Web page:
The aim of the present study was to gain a deeper understanding of the work of some hospital clowns with ailing children. What distinctive features and working methods can be seen in the hospitals clowns' work? The approach taken involved an interview study with 13 hospital clowns, 10 women, and 3 men, between 30 and 60 years of age. The study was qualitative in design and took a hermeneutic approach. The analysis of data included descriptive and theoretical analyses. The descriptive analysis showed that the clowns' strategy of working in pairs enables them to treat the child with empathy and to acknowledge the child in a sensitive manner. The theoretical analysis of hospital clowns' method of working in pairs indicated: (a) a relational pattern, characterized by empathic preparedness: to capture and shelter the current affect climate, to express various child and adult positions, as well as to cognitively process and return, if appropriate, a humoristic message in a "digestible, humoristic form" and (b) a communication pattern, characterized by balanced synchronization of body language and verbal expressions, in terms of pace as well as conformability, which in optimal cases gives rise to an enhanced feeling of presence and mutuality in the communication process between the hospital clowns and the child. The humoristic communication between the hospital clowns and the child worked to create an open space for play-a space in which all affects were allowed. The discussion concerned possible forms of this working method (working in pairs) that function optimally with regard to relational and communication patterns. The discussion also addressed the psychological value of hospital clowns' work with ailing children, as seen from the perspective of the hospital clowns.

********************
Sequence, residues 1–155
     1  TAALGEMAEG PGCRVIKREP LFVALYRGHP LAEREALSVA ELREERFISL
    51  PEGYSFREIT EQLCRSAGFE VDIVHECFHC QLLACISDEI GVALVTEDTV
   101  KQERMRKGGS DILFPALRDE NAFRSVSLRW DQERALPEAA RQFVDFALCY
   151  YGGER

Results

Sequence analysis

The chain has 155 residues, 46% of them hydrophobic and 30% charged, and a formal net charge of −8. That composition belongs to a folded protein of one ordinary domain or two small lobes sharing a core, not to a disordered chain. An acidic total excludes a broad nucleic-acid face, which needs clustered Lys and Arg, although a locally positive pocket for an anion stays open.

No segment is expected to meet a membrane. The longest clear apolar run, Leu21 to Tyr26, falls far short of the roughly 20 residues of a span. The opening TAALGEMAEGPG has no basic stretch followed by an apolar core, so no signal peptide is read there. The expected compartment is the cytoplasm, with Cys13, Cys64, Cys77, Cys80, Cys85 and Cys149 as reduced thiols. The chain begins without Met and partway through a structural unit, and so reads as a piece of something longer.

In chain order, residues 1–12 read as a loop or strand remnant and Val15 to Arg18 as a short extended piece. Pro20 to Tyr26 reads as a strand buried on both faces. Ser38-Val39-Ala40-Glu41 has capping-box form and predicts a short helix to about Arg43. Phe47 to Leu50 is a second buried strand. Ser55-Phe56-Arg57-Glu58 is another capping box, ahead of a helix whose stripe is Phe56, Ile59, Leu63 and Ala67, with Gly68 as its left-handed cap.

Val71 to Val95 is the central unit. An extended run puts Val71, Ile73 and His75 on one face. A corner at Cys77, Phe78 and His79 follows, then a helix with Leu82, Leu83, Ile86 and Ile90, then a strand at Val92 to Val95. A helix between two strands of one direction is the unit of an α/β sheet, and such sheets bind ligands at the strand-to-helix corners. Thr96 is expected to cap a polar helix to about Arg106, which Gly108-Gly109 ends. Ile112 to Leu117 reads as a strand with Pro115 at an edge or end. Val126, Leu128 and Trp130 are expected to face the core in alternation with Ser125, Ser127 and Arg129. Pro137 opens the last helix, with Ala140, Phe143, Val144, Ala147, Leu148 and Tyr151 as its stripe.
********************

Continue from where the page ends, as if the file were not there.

• 8.
    Linge, Lotta
    Halmstad University, School of Social and Health Sciences (HOS), Centre of Research on Welfare, Health and Sport (CVHI).
    Humor i ett hälso- och livsstilsperspektiv2010In: Hälsa och livsstil: Forskning och praktiska tillämpningar / [ed] Hallberg, Lillemor R-M., Lund: Studentlitteratur, 2010, p. 329-350Chapter in book (Other academic)
  • 9.
    Linge, Lotta
    Tillämpad psykologi, Lunds universitet.
    Humor och Barn - Utvecklingspsykologiska aspekter på humorns funktion: Doktorsavhandling vid Lunds universitet1993Book (Refereed)
  • 10.
    Linge, Lotta
    Halmstad University, School of Social and Health Sciences (HOS), Centre of Research on Welfare, Health and Sport (CVHI).
    Humor-intoning – en kommunikation med affekter2007Conference paper (Other academic)
  • 11.
    Linge, Lotta
    Halmstad University, School of Health and Welfare, Centre of Research on Welfare, Health and Sport (CVHI).